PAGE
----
As the world celebrated International Refugees Day yesterday, the university dedicated the scholarship to Khuzwayo.
It said the scholarship was part of a wider £3 million (R54.5m) of investment in scholarships that attracted students from the US, Africa and Latin America.
Khuzwayo graduated with a law degree from Hull University in 1981 while in exile. “I could not have done a more satisfying job,” Khuzwayo said. “I am also able to practice a bit of my profession by writing for various newspapers and magazines, just so as not to be stale.”
The university said that slavery remained prevalent in the world with forced labour existing in the domestic, agricultural, sex, construction and retail industries among others. The international Labour Organisation estimates that there are at least 40 million victims of slavery across the world.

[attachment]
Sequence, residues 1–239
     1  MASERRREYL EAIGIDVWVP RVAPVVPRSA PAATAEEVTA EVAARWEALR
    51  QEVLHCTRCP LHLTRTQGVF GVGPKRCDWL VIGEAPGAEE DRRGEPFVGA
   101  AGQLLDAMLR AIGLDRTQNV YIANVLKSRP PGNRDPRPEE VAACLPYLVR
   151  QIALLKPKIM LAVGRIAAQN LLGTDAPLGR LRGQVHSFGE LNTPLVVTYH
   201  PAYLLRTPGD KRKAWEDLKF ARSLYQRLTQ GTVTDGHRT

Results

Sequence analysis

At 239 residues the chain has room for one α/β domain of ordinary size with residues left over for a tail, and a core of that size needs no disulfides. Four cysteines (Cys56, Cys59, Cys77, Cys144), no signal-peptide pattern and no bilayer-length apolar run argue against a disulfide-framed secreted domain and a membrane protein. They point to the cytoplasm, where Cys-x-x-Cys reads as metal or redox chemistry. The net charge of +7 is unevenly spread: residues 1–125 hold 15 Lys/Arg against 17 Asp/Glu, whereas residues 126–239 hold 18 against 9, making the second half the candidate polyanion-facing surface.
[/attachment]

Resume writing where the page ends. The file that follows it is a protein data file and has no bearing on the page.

Khuzwayo successfully forced the UK to make him the first black exile to fly out of Lesotho by pointing out the differences between the treatment of his application for asylum against that of fellow white South African journalist Donald Woods.
His fellow students at the time had raised £65000 to set up funding for the scholarship that will examine links between migration, trafficking and contemporary slavery.
A former student at the university, Mike Craven, said the scholarship was aptly named as Khuzwayo had experienced the realities of being a political refugee himself.
“He was a larger than life character who quickly established a very high profile at Hull,” Craven said. “He retained a good sense of humour despite his physical suffering at the hands of the authorities in South Africa.”
Khuzwayo died in May last year after a battle with cancer.
- BUSINESS REPORT